Transitioning as I did in San Francisco did not prepare me for dating in the real world.
In 1990's San Francisco--and probably more so today--being FtM was considered cool. Way cool. A definitely desirable dating category to be in. And not just to tranny-chasing, objectifying fetishists.
There was a time after I transitioned and when I was flirting with "non-monogamy" that I had so many people after my ass I became overwhelmed with it all and had to take a break from dating. One of the guys who stuck with me through the break was Mike. He and I became monogamous and a year later moved together to San Diego--a city not well-disposed toward large, pierced, tattooed, hip Latino bears, like him. I don't blame Mike for quitting San Diego a number of months later for the more welcoming community of Los Angeles. Our parting of the ways was amicable and we remain close to this day.
But his departure set the stage for a three-year dating dry-spell, punctuated by a couple of casual encounters and one seriously frightening experience with a sociopath.
A four-year monogamous relationship followed, which also ended amicably with my ex-girlfriend in NYC and me dateless in Dublin for three years, but for one disappointing "Crying Game" type encounter.
I'm back in Southern California now. Four-years dateless and counting. What's going on?
Well for one thing, I fall hard when I fall in love and take a long time to get over a relationship before I'm ready to date again. I seem to be hardwired that way.
Then, I'm picky. I have high standards, don't need a relationship to define myself, and would rather be alone than in an unsatisfying one.
Beyond these things, dating when you're past your late-30's is much more challenging than in college. We "older folks" spend the vast majority of our time in the workplace, where dating is--justifiably--discouraged. Not only that, at my age, most of the "catches" are already "caught." Those who aren't, especially if they identify as straight women, are often happily single. From their perspective, the last thing they want or need is a man to take care of. Not that I'm looking to be taken care of, but many straight men--the demographic I find myself superficially stuck in in San Diego when I'm looking to date women--are looking for a wife. Someone to cook, clean, and emotionally baby them. If I were an older woman who'd already done that for a good portion of my life, being single and hanging out with like-minded women friends would be a much more desirable option.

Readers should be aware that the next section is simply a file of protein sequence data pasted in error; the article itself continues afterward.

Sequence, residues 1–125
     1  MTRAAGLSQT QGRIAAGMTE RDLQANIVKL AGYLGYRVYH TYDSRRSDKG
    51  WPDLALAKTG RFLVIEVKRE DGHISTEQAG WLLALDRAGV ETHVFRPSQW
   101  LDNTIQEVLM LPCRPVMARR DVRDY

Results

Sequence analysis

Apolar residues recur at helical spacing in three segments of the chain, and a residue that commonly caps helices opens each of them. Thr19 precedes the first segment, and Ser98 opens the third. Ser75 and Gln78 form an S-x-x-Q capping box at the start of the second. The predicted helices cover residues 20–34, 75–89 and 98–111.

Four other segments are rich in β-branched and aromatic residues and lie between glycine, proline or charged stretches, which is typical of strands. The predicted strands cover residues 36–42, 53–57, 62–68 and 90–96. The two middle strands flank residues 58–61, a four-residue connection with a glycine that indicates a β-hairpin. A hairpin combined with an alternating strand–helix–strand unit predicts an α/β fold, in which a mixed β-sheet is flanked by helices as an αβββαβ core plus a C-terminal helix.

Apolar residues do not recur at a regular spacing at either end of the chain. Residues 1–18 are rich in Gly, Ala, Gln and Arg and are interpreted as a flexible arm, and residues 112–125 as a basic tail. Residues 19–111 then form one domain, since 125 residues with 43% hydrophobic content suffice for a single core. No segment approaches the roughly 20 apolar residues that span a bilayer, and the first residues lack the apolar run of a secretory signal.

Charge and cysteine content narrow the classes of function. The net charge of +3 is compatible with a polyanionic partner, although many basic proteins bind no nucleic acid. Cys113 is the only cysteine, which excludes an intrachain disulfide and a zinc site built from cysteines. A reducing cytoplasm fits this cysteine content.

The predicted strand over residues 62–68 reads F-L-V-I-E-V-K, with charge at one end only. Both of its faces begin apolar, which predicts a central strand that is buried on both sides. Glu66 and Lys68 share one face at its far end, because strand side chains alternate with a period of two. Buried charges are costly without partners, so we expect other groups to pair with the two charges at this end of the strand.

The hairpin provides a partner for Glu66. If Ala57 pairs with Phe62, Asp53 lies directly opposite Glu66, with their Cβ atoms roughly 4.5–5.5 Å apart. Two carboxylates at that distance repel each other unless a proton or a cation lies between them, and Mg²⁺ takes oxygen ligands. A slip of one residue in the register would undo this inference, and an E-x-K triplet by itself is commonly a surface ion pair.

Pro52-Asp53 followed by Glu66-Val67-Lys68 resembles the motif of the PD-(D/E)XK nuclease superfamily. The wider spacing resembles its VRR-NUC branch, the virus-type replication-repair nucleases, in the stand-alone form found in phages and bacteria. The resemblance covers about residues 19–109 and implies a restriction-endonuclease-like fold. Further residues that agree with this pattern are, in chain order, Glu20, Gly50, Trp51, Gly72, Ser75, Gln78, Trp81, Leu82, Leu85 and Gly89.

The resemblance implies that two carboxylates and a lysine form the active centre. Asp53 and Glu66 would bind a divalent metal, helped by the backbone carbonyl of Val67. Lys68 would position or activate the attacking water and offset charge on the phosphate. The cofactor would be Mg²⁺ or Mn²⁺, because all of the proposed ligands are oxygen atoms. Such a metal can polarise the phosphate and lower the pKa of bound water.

And let's not forget the pink elephant in the room, the "what you see isn't exactly what you get" issue. Here's an easy way to illustrate it: say I walk into a gay bar frequented by lesbians and gay men in a city like Dublin or San Diego. Dykes who might be interested--most of my FtM buddies in long-term relationships with women are with partners who identify as lesbians--look up, see "a guy," and understandably look away. Gay men, on the other hand, check me out and may think, "Hmmmm, haven't seen him in here before!" In other words, "fresh meat." Only, I'm not, lacking as I do that critical anatomical feature so dear to most gay men. It might be different were I looking for casual sex, but I'm not. What is more, even if I were, it's rare, especially on the bar scene, to find a gay man interested in trying to satisfy someone with, well, my sort of plumbing.
Re-stage the bar scenario in any sort of social setting where people mingle. The dynamics shift, sometimes subtly, sometimes hugely, but the underlying facts remain the same: I'm a man without a dick--an anomaly, and clearly not everyone's cup of tea. Short of wearing a t-shirt screaming that bit of news--hardly a good idea from a personal safety perspective outside the immediate environs of San Francisco's Castro District--the dilemma of when, how and to whom to come out adds a psychological obstacle course to the already daunting task of dating, that it frequently becomes easier to stay home.
Internet dating is just as bad. Most of the major dating sites don't even list a transgender category unless it's a section designed for tranny-chasers looking to hook up casually with "she-males" and "he-shes?" Not to put that activity down, but it's not me.
At the recommendation of a dyke friend, I checked out "TangoWire," only to find that, even in the "Alternative, Lesbian Gay" section, they do not offer "trans" as a gender identity, nor do they allow bisexual men to search the women's profiles. Their help-desk answered my email query on how to do that with, "I am afraid Brynn our site will not meet your needs."